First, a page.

The Art of the Fact

The Art of the Fact

The Writer’s Corner

I love writing novels. However, I must admit that it is much easier for me to write a nonfiction book, like my just-released Enemies and Allies. The process of creating a fictional universe and having every page be intense and dramatic and full of twists and turns is truly a joy. I relish the ability to guide the action and control the world, even though there are times when characters rebel and do the unexpected. Often, though, it’s those unplotted moments when one character surprisingly betrays or kills another that make writing fiction so intriguing and the stories so unpredictable. I figure that if I don’t see it coming, it’s likely my readers won’t either. In fiction, I get to ask, “What am I going to make the world do today?”

When I put on my journalism hat, though, the question I ask is “What is the world actually doing today?” For me, that question makes writing nonfiction easier. It fits more with the way I think. Day by day, I am watching the real world and trying to understand it. When I get a grasp of what’s taking place, I explain what I’ve learned in a news site like All Israel News or All Arab News or on my Twitter feed. It’s very straightforward and factual—this happened; then this happened; then this happened.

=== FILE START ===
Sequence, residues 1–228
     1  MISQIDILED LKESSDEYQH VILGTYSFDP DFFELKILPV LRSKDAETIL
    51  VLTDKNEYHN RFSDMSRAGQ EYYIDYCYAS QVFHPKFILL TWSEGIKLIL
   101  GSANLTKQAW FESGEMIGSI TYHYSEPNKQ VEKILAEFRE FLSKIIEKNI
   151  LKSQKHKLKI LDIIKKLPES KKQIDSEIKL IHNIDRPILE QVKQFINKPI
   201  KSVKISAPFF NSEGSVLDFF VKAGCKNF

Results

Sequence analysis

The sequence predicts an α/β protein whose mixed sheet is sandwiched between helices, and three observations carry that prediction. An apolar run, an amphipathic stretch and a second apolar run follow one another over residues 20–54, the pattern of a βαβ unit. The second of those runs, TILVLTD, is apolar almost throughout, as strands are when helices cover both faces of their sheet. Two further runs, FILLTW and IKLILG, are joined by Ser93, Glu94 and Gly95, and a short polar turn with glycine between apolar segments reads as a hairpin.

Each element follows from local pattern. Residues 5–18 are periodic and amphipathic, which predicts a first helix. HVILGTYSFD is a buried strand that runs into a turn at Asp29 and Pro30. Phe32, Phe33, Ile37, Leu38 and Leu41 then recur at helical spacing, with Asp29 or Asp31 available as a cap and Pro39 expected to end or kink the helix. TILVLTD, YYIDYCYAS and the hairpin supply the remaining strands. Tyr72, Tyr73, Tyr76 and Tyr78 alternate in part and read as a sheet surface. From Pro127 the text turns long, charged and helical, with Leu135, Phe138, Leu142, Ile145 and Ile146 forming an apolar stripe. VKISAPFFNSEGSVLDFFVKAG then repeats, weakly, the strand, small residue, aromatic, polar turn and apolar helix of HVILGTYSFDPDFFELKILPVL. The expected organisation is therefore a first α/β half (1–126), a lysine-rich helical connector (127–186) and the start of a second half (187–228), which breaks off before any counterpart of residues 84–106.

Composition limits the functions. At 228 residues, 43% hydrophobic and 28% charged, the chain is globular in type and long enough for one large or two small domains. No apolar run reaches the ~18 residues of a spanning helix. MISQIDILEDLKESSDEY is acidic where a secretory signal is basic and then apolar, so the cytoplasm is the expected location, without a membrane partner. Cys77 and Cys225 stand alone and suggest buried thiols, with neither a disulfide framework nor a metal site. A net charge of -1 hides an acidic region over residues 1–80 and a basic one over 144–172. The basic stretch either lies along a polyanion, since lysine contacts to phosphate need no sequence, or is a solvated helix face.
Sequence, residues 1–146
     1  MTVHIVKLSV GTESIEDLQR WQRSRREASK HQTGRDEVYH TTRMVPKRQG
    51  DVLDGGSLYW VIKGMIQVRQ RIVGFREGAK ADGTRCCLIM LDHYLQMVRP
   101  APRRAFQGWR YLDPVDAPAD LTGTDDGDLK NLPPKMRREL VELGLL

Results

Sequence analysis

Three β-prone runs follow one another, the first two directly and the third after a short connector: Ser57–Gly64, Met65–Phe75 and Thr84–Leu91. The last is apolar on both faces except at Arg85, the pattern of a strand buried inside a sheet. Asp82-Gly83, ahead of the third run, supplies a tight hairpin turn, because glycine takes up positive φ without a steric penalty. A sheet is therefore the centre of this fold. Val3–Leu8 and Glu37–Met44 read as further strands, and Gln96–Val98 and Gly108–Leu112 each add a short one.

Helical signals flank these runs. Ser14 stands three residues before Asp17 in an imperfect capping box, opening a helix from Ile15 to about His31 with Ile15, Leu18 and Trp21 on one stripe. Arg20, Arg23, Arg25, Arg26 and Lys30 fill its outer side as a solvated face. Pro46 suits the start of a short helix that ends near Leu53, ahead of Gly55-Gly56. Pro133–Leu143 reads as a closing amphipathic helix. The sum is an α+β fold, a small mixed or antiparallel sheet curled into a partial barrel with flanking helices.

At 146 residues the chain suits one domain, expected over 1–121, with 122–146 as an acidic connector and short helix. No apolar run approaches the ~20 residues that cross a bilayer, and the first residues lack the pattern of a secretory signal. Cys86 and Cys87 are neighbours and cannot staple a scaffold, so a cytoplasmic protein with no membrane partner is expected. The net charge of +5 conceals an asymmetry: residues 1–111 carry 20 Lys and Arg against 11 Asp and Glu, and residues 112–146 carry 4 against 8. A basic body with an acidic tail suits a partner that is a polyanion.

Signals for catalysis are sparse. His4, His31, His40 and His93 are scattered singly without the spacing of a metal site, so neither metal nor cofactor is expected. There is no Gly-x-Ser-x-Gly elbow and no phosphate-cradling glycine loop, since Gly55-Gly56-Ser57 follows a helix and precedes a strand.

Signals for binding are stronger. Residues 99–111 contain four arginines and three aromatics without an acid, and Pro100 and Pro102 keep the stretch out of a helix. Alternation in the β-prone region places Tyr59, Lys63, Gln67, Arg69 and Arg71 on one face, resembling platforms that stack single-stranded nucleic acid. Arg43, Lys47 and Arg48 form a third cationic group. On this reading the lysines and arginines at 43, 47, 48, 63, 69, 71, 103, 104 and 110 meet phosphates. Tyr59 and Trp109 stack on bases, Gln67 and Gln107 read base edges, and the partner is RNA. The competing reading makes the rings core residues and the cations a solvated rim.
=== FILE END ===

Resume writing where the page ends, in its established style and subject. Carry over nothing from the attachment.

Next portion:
Writing a nonfiction book like Enemies and Allies takes that fact-based journalism and lifts it to the next level by blending it with the innovation of storytelling. A book gives me the opportunity to piece all the individual details together in a way that makes sense and is also enjoyable to read. It reminds me of pointillism, the art form that uses dots of various colors and sizes and placements to create a picture. When viewed up close, it just looks like a mass of spots on a canvas. But when you zoom out, you can see how they all come together in one cohesive image. That artistic nature of nonfiction requires the same kind of creative inventiveness that thrills me as a fiction writer.

In Enemies and Allies you’ll find some dots that are the size and color of recent events that have taken place in the Middle East. There are others that take the form of geopolitical shifts of the last number of years. Then there are those that tell the stories of the many one-of-a-kind meetings that I’ve had with kings and presidents and other world leaders. Taken by themselves, they are all interesting facts. Arranged in just the right way, however, they tell the story of the fluctuating relationships in the nations of the world and the unexpected opportunity I have been given to witness many of these changes from the inside.

For those of you who enjoy my Marcus Ryker thrillers, I am so glad you do. I love writing them and you can expect more. However, I hope that the designation of “nonfiction” doesn’t scare you away from Enemies and Allies. I can promise you the same storytelling creativity that puts you next to Marcus Ryker as he’s in a gunfight on the Lebanese border will have you walking into King Abdullah II’s palace in Jordan wondering if he is going to compliment me on my novel or throw me into prison for using his real name in the book.

—Joel C. Rosenberg